3-12, Anti-Racism, Creative Thinking, Language Arts, Writing

AAPI Poetry

I generally do my weekly anti-racist posts on Fridays, but decided to change my routine this week due to recent events. Violence against Asians in the United States is on the rise, unfortunately. Although we do not have evidence, yet, that yesterday’s terrible murder of six Asian women in Atlanta was a hate crime, it is not an isolated incident. While I cannot stop hate, I can work on becoming less White-centric and more open to many cultures – and encourage others to do the same. I am sad to say that when I was in the classroom, I usually guided my students toward literature by White authors with whom I was mostly familiar. I would change that now. So, to continue my theme of poetry for this week, I would like to highlight AAPI (Asian American and Pacific Islander) poetry today. I also want to remind you of a resource I mentioned awhile ago, Teach Living Poets, where you can find a diverse group of poets from many races and cultures.

Asian/Pacific American Heritage Month is in May in the United States, and Poets.org has a page dedicated to this celebration. I think because I have a daughter in college I am particularly moved by, “For a Daughter Who Leaves,” by Janice Mirikitani – which voices the universal bittersweet feeling that mothers have as they watch their daughters become more independent.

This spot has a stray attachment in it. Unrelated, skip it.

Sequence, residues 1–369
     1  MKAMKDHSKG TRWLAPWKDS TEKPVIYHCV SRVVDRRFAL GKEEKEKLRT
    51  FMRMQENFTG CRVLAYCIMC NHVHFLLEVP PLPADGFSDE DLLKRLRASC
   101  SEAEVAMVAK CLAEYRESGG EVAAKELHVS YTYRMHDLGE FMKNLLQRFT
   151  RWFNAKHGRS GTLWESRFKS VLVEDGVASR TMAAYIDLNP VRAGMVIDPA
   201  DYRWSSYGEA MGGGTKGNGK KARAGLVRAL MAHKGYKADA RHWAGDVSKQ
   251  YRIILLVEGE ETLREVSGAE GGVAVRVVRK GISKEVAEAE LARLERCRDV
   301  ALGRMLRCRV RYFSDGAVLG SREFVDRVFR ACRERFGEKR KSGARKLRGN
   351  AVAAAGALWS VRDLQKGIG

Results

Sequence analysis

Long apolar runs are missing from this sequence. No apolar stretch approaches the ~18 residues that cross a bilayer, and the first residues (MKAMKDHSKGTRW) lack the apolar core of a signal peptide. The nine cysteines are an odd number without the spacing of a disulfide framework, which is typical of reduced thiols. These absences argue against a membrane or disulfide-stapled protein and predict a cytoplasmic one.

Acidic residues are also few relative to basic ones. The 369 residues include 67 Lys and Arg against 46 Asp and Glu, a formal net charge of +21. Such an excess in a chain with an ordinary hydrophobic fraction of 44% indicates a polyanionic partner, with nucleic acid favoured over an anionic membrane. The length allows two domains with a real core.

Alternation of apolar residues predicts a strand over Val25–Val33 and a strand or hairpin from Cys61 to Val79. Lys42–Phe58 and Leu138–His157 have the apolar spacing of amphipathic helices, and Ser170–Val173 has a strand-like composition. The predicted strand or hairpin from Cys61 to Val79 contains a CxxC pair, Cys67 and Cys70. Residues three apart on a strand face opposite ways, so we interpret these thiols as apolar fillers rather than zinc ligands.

Poetry Foundation also has a page devoted to AAPI poets. My sense of humor was tickled by one that I randomly chose by James Masao Mitsui, “New Lines for Fortune Cookies.” Another selection I happened upon was an ekphrastic poem by Victoria Chang, “Edward Hopper’s Office at Night.”

Lists of poetry are overwhelming to teachers who are new to the titles and authors, so these lesson plans from Advancing Justice – LA might be helpful. Poets.org also has lessons for specific AAPI poems here. KQED has a lesson plan to accompany the video, Discovering Angel Island: The Story Behind the Poems about the imprisonment of Asians attempting to move to the United States in the early 1900’s.

I will be adding this post to my poetry Wakelet along with the others from this week. In addition, it will be added to my growing list of anti-racism resources. And, please remember, that we can only be anti-racist if we actively work to eliminate racism; silently witnesses are also complicit.

Photo by Charlotte May on Pexels.com

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